The fresh, gently anarchistic musical fairytale based on a popular children’s book by Hytönen is about two lonely animals that become friends. It is also a fascinating journey of discovery in the sound world of an orchestra, introducing the stylistic devices of contemporary music in between more traditional ones.


Hion om natten (Hion at Night) (2014) Dur: 65’

Libretto: Henrik Ståhl (Swe)


The Mouse/Hiiri (2012) Dur: 25’ for narrator and orchestra: 2222-2210-11-pf-str or 2fl-pf-str or ensemble

Text: Satu Simola (Fin/Swe/Eng/Chinese)

This musical adventure is a perfect family concert. It tells of a timid mouse that lives in a machine it has built to protect it from the world. One day, a bird lands on the machine and the mouse has to choose between loneliness and friendship. The charming music is supported by narration and pictures. Available in a choice of languages.


Miranda (1901) Dur: 15’

Alkuperäisteos: Zacharias Topelius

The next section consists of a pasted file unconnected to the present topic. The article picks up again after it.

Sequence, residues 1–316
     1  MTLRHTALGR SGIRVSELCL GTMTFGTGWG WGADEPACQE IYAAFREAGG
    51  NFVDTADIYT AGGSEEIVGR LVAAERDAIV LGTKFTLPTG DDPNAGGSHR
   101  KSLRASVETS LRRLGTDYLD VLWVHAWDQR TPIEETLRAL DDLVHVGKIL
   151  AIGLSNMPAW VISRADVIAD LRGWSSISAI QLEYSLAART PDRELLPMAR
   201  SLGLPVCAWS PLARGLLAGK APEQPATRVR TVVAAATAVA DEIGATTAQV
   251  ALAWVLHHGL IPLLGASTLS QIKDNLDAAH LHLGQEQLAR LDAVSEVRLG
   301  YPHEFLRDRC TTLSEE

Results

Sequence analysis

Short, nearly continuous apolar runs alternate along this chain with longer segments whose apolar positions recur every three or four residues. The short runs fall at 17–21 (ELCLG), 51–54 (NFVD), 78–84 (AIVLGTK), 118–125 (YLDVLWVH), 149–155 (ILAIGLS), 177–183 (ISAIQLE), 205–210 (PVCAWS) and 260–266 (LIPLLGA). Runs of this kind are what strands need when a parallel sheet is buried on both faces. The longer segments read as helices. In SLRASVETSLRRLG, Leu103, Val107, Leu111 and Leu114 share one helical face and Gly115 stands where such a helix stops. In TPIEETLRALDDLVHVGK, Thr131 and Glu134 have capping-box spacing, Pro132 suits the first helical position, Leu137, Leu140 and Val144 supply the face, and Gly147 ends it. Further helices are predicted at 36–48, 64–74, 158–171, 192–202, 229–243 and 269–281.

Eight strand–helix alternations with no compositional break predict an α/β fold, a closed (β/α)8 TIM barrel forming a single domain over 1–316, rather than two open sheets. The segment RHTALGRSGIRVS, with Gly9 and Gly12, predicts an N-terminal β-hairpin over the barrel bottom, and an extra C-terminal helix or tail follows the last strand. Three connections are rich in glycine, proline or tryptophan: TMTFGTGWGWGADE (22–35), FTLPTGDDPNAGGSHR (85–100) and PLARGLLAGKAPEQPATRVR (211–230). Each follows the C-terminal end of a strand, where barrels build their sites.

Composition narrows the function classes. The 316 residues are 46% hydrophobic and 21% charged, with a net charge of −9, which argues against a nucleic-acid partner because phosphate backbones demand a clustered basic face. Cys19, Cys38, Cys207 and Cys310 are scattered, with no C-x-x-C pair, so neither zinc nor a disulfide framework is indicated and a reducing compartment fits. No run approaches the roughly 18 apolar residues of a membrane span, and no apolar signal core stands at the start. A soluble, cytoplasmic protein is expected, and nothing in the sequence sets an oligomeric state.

for narrator and orchestra: 2121-2210-03(/4)-str

Näytelmän sovitus: Jalmari Finne

Text: Jalmar Finne (Fin) after Z. Topelius

Sävellys: Armas Järnefelt

Ohjaus ja koreografia: Sanna Heiskanen

Kapellimestari: Janne Saarinen

Apulaiskapellimestari: Juhani Palola

Hiekka-animaatio ja lavastus: Amadeu Vives

This musical fairytale or “melodrama” was discovered hidden in the archives of the Finnish National Library and recently published for the first time. Järnefelt’s music enlivens Topelius’s epic about a princess and her suitors. The seven movements, each of a different nature, reflect the events and the characters’ psychology. The music has panache, force, a lilting waltz-like quality and a touch of oriental mystery.

Valosuunnittelu: Joni Kallio

Valokuvaus: Johannes Wilenius

Graafinen suunnittelu: Ankara Design / Anna Aalto

Vastaava tuottaja: Matti Karhos

Tuotanto: Lahden kaupungin kulttuuripalvelut / Sari Tuominen ja Henna Keihäs